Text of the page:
Investigators are still trying to pin down exactly why a SpaceX vehicle exploded during testing on April 20th. A SpaceX official confirmed today that the explosion destroyed the test version of the company’s passenger vehicle known as Crew Dragon.
The company launched an investigation into the incident soon after it happened, and it’s still combing through evidence from the accident. The safety and performance of the Crew Dragon are of particular concern for NASA as well as SpaceX. NASA commissioned SpaceX to build the vehicle as part of its Commercial Crew program, which aims to reduce the space agency’s reliance on the Russian Soyuz rocket. Currently, the Soyuz is the only vehicle carrying people to and from the International Space Station.
Before the explosion, the test was proceeding according to plan, Hans Koenigsmann, SpaceX’s vice president of Mission Assurance, said at a press conference about SpaceX’s upcoming resupply mission to the ISS. The capsule was tethered in place for the test, which was designed to make sure that the system’s thrusters were working properly. Koenigsmann said that the capsule powered up “as expected” and then sets of smaller thrusters on either side of the vehicle called Dracos fired for five seconds each. Those tests “went very well,” said Koenigsmann.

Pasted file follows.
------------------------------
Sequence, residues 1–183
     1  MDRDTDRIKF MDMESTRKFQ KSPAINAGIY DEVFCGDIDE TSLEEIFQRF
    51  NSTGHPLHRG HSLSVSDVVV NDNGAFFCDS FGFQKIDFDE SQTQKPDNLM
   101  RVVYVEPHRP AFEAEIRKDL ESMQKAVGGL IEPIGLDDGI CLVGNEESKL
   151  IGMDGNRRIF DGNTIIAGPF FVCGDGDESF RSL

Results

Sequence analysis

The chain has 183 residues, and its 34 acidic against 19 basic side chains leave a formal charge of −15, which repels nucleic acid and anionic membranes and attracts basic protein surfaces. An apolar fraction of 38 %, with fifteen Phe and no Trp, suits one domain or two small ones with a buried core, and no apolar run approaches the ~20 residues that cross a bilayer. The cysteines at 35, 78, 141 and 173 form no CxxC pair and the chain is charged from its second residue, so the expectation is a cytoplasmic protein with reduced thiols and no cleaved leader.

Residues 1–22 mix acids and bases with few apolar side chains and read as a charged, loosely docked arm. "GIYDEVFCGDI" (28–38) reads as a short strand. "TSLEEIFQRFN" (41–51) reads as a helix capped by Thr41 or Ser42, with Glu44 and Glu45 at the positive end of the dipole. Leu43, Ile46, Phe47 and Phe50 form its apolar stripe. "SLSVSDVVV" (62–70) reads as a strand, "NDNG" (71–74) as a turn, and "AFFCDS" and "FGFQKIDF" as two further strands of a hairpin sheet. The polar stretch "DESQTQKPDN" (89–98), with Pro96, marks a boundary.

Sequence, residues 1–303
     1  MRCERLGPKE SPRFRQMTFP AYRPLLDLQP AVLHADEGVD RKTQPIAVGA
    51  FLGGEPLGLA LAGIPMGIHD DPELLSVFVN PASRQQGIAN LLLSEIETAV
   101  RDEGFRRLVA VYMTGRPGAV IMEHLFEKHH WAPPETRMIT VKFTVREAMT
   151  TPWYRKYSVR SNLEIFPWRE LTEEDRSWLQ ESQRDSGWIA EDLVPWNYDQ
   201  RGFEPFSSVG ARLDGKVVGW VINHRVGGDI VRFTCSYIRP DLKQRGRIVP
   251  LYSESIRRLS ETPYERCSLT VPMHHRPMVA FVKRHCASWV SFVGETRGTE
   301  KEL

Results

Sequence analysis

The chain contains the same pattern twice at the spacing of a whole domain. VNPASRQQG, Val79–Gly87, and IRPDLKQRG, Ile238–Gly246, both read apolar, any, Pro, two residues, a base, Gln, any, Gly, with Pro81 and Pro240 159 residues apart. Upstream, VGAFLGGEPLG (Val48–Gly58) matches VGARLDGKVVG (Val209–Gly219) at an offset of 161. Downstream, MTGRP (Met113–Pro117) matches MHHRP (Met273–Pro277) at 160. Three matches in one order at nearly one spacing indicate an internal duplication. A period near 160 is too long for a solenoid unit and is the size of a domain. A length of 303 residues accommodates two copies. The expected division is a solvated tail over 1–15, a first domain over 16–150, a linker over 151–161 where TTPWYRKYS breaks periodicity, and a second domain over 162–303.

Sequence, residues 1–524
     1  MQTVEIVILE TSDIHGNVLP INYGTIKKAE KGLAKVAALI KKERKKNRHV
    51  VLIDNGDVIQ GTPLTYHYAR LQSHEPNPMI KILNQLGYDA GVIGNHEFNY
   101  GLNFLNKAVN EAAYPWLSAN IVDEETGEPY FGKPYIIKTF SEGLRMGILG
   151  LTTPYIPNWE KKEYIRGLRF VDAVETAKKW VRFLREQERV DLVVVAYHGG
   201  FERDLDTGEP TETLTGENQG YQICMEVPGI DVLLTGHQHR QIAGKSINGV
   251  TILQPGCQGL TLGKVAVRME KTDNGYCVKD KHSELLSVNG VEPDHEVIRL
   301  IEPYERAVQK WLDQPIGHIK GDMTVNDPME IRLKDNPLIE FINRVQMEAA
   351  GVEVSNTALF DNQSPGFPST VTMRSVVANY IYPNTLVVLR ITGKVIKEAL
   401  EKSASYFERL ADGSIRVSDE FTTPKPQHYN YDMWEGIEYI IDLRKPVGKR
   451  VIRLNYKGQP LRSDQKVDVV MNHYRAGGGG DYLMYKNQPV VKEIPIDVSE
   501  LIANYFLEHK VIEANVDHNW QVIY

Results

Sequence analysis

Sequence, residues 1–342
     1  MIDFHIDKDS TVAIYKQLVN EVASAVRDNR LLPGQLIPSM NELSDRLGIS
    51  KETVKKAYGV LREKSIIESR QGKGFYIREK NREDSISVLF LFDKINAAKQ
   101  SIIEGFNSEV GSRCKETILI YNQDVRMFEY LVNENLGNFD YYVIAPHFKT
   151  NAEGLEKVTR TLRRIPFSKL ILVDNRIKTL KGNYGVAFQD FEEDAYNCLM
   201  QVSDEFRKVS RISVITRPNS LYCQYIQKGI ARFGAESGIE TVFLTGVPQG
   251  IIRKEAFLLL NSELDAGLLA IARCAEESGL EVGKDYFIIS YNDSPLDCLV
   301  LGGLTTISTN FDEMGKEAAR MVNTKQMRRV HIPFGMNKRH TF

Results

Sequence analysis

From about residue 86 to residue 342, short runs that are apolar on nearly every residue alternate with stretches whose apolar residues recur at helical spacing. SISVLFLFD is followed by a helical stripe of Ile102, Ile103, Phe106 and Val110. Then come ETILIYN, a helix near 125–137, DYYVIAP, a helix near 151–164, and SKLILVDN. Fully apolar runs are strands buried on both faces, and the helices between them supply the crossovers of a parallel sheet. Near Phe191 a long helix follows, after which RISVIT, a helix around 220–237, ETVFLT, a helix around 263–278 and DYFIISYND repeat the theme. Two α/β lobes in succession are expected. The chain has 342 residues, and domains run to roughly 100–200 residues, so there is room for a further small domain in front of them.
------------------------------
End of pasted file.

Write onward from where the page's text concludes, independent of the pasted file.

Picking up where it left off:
Then it was time to test the SuperDracos, the thrusters designed to carry the Crew Dragon and its passengers away from its rocket in case something went wrong on the pad or during launch. Approximately a half-second before the SuperDraco thrusters were supposed to fire, something went wrong. “There was an anomaly and the vehicle was destroyed,” Koenigsmann helpfully elaborated.
While it’s still too early to name a cause, the early data suggests that whatever happened occurred when the SuperDraco system was activated, Koenigsmann said. “We have no reason to believe that there’s an issue with the SuperDracos themselves,” he said.
The SuperDraco thrusters had been tested thoroughly, including being put through their paces over 600 times at SpaceX’s Texas facility, Koenigsmann said. “We continue to have high confidence in that particular thruster.”
Figuring out the cause of the problem — and then fixing it — is critical to the future of the Crew Dragon program. Luckily, SpaceX has already started production on other Crew Dragon capsules, so it won’t have to build a replacement test vehicle from scratch. SpaceX had planned to test its vehicle’s abort system (which involves the SuperDraco thrusters) in June, followed by another test run to the ISS in July. That now appears very unlikely, but it’s not clear how delayed the testing schedule will be.
It’s not unusual for investigations to take time. When a SpaceX rocket exploded midflight on June 28th, 2015, it took until July 20th of that year for the company to announce that the disaster was caused by a failed strut. After a SpaceX Falcon 9 rocket exploded on the launchpad on September 1st, 2016, it also took the company 22 days to issue an update identifying a suspected cause, which was a breach of the rocket’s helium system. The joint investigation took roughly four months to conclude.
“If this has to happen, I’d rather It happens on the ground in the development program,” Koenigsmann said of the explosion. “We will take the lessons learned from this, and I’m convinced it will help us to ensure that Crew Dragon is one of the safest human spaceflight vehicles ever built.”